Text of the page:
The State Court System: Article III of the Constitution invests the judicial power of the United States in the federal court system. Article III, Section 1 specifically creates the U.S. Supreme Court and gives Congress the authority to create the lower federal courts. The Constitution and laws of each state establish the state courts.
There are two kinds of courts in this country -- state courts and federal courts. Following is a discussion of key differences between the state and federal court systems. Establishment of State and Federal Courts. State and local courts are established by a state (within states there are also local courts that are established by cities ...
Essentially all probate and divorce cases are also brought in state court, even if the parties involved live in different states. In practice, almost all real property evictions and foreclosures are handled in state court. State courts systems always contain some courts of "general jurisdiction".
Virginia's Court System ... and certain disciplinary actions of the Virginia State Bar regarding attorneys. ... Serving the Commonwealth through 31 judicial circuits, the circuit court is the general jurisdiction trial court with authority to try all types of civil and criminal cases.
State court systems vary from state to state, and each is a little different. As you can see from the chart above, the state court system of Missouri is very similar to that of the federal courts. Both have trial courts at the lowest level to hear both civil and criminal cases.
Courts in the federal system work differently in many ways than state courts. The primary difference for civil cases (as opposed to criminal cases) is the types of cases that can be heard in the federal system. Federal courts are courts of limited jurisdiction, meaning they can only hear cases authorized by the United States Constitution or ...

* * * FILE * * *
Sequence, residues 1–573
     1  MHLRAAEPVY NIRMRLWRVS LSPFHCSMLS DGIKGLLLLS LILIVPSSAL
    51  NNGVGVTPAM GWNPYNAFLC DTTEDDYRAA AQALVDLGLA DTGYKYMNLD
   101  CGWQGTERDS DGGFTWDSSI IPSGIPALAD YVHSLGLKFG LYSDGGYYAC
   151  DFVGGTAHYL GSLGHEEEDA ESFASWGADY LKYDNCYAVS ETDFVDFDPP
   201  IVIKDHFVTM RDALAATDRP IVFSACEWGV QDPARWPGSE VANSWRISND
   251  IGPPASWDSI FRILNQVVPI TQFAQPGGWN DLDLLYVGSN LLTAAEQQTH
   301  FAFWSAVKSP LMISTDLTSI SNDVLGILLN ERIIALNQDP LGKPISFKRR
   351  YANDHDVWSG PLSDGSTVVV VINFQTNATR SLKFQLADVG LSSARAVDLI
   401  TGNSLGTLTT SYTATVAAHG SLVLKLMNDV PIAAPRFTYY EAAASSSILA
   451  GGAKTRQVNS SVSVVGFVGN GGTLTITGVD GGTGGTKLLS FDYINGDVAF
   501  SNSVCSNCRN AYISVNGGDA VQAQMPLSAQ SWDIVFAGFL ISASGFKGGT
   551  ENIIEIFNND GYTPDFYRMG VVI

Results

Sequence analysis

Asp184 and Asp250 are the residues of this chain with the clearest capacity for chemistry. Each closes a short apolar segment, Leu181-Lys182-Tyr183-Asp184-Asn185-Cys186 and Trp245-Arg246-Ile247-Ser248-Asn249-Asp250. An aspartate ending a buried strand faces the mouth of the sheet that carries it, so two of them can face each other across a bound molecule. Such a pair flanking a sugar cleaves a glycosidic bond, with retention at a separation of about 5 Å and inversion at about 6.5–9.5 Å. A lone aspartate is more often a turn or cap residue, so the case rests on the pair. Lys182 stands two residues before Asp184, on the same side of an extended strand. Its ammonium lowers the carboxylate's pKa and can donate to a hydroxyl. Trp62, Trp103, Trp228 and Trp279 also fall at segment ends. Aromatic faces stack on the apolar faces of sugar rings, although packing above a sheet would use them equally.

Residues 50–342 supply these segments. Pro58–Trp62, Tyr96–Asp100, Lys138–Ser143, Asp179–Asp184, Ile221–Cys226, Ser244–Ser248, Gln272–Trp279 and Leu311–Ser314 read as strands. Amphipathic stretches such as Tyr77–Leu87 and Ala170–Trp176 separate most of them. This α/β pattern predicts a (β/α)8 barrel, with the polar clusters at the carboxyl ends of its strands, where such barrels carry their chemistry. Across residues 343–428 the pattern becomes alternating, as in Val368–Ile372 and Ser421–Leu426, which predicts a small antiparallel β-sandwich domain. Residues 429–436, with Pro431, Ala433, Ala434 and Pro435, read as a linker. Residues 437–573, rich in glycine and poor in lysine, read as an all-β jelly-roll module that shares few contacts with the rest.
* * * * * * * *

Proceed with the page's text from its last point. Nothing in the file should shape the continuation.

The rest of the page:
Federal or State Court Subject Matter Jurisdiction. This article aims to give you the information you need to figure out whether you should file your case in federal or state court. Jurisdiction, put simply, is a fancy word that encompasses a court's power or authority to hear a case.
Jurisdiction (from the Latin ius, iuris meaning "law" and dicere meaning "to speak") is the practical authority granted to a legal body to administer justice within a defined field of responsibility, e.g., Michigan tax law. In federations like the United States, areas of jurisdiction apply to local, state, and federal levels; e.g. the court has jurisdiction to apply federal law...
Alternatively, Elaine could file the lawsuit in New York state court, which would have power to hear the case because the arrest occurred in New York and both Elaine and Officer Kramer live there. The state court has "concurrent jurisdiction" with the federal court and enforces the federal law as it would a state law.
The U.S. Courts were created under Article III of the Constitution to administer justice fairly and impartially, within the jurisdiction established by the Constitution and Congress. This section will help you learn more about the Judicial Branch and its work.